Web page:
Beefeater Burrough’s Reserve Batch 2 is a sign some of the big names in gin have come to play on the small guys’ turf. By that I mean, up until recently batch designations and barrel aging experiments were once the domain of the small, startup distillers. But it’s no longer their exclusive domain.
Burrough’s Reserve Batch 2 is distilled on their “small” 268 liter still (which was once James Burroughs’ original still) before resting in both red and white Bordeaux wine, French oak casks. Color-wise it appears slightly lighter than Batch 1, with a similar shimmering golden hue.
On the nose, wine soaked oak notes, reminiscent of Sherry cask aged gin, pine, slightly rosemary and camphoraceous juniper and lemon peel. The barrel character is lovely and restrained, but undoubtedly the star here.
The palate is nicely integrated and well-imagined the whole way through, with botanicals and subtly replacing the previous. Lemon, cubeb and coriander early, then crisp juniper. The oak comes on next, crisp and dry with some wine tinged oak coming on after that. It finished with some hints of charred cedar, vanilla, and baking spice.
The finish is mild and exceptionally long with suggestions of dried dates and orange peel, with a slight hint of licorice on the very back end.
Remarkably light, and very easy to sip just on its own.
As with many aged gins, Beefeater Burrough’s Reserve Batch 2 is best appreciated neat or in a simple old fashioned.
That being said, it also features nicely in an Alexandria Cocktail if you’re looking for something a little off the trodden path; the spice notes are a lovely complement to cream and fresh grated nutmeg. Additionally, you could try it in a Negroni as 2:1:1, dialing up the gin so that you can get some of the nice wood and juniper notes.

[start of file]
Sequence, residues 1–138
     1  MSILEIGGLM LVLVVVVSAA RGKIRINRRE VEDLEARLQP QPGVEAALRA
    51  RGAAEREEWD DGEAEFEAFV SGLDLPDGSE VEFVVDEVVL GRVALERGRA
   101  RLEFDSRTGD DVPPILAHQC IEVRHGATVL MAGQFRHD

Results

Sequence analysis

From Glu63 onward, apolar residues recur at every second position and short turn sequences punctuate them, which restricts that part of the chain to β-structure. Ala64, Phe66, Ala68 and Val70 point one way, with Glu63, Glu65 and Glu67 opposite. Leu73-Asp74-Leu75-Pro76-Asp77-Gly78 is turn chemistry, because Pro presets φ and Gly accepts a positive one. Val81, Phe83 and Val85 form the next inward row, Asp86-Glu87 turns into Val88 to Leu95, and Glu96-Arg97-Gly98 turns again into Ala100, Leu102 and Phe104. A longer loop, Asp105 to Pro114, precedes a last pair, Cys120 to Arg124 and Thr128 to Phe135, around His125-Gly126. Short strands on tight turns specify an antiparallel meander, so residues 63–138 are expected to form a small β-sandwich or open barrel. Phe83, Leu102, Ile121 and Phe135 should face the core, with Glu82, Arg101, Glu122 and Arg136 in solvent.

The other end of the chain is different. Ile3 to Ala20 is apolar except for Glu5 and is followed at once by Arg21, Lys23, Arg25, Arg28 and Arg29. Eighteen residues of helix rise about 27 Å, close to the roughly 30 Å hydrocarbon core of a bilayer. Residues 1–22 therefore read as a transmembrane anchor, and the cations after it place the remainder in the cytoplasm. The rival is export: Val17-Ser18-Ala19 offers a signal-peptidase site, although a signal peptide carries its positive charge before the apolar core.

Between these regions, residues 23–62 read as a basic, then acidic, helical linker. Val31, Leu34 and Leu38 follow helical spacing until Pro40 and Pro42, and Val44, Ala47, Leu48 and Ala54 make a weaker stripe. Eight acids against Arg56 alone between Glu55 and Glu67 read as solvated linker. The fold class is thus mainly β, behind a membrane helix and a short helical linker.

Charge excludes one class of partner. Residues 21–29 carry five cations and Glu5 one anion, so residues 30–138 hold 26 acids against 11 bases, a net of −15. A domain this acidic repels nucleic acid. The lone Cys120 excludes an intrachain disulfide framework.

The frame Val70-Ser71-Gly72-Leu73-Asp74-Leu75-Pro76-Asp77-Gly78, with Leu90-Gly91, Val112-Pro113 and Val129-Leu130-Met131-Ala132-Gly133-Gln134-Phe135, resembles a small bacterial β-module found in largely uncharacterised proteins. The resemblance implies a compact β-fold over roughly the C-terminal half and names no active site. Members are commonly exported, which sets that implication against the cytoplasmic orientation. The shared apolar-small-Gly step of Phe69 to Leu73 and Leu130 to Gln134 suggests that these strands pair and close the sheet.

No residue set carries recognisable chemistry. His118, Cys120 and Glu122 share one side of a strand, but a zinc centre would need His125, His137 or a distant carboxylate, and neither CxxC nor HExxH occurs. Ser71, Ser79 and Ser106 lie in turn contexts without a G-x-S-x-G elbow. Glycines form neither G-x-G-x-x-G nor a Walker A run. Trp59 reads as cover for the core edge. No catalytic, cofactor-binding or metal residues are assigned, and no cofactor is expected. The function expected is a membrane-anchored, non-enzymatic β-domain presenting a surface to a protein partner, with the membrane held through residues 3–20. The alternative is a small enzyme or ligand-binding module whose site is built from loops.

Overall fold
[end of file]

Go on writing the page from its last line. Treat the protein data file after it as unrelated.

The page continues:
I think the folks at Beefeater have found a winner in their line of Burrough’s Reserve gins. Although at a steep price point, even compared to aged gins from smaller local distillers, it’s well worth a closer look if you like aged gins and you like Beefeater gin.
Fans of classic gins will like the way the classic notes come through and the oak only compliments a well crafted botanical expression. Fans of aged gins in general are advised to take a closer look. Beefeater Burrough’s Reserve Batch 2 may be even better than Batch 1, and given the high bar they set, that’s certainly high praise.
Special thanks to David T. Smith, creator of Summer Fruit Cup and author of Forgotten Spirits & Long Lost Liqueurs has been a friend of The Gin Is In for nearly as long as we’ve been around. David shares samples of curious and rare spirits from his travels that might be difficult to obtain stateside. Thanks to David for the sample.
What other cocktails can I make with aged gin?
The first cocktail book dedicated to barrel aged gins is now out! Featuring 25 Cocktails!
Including historical re-interpretations like the Fallen Angel cocktail from 1941 (which originally featured barrel-aged Booth's Gin).
...and completely new creations like the Cola Approval, the best way to make a gin-and-tonic like drink with aged gin.